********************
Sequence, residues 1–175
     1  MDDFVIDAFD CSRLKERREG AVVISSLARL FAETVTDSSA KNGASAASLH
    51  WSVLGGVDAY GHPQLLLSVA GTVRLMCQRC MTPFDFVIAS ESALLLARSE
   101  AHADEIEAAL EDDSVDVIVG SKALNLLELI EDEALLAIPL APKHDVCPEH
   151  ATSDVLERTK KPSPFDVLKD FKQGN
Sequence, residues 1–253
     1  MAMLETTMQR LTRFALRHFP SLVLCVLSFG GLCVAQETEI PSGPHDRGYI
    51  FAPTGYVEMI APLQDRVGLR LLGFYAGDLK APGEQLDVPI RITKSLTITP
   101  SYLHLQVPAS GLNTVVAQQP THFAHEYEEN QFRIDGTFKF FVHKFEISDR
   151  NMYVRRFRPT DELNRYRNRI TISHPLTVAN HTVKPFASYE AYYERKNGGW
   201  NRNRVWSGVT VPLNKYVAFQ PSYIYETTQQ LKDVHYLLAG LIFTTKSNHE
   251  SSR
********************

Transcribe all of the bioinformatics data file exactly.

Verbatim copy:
Sequence, residues 1–175
     1  MDDFVIDAFD CSRLKERREG AVVISSLARL FAETVTDSSA KNGASAASLH
    51  WSVLGGVDAY GHPQLLLSVA GTVRLMCQRC MTPFDFVIAS ESALLLARSE
   101  AHADEIEAAL EDDSVDVIVG SKALNLLELI EDEALLAIPL APKHDVCPEH
   151  ATSDVLERTK KPSPFDVLKD FKQGN
Sequence, residues 1–253
     1  MAMLETTMQR LTRFALRHFP SLVLCVLSFG GLCVAQETEI PSGPHDRGYI
    51  FAPTGYVEMI APLQDRVGLR LLGFYAGDLK APGEQLDVPI RITKSLTITP
   101  SYLHLQVPAS GLNTVVAQQP THFAHEYEEN QFRIDGTFKF FVHKFEISDR
   151  NMYVRRFRPT DELNRYRNRI TISHPLTVAN HTVKPFASYE AYYERKNGGW
   201  NRNRVWSGVT VPLNKYVAFQ PSYIYETTQQ LKDVHYLLAG LIFTTKSNHE
   251  SSR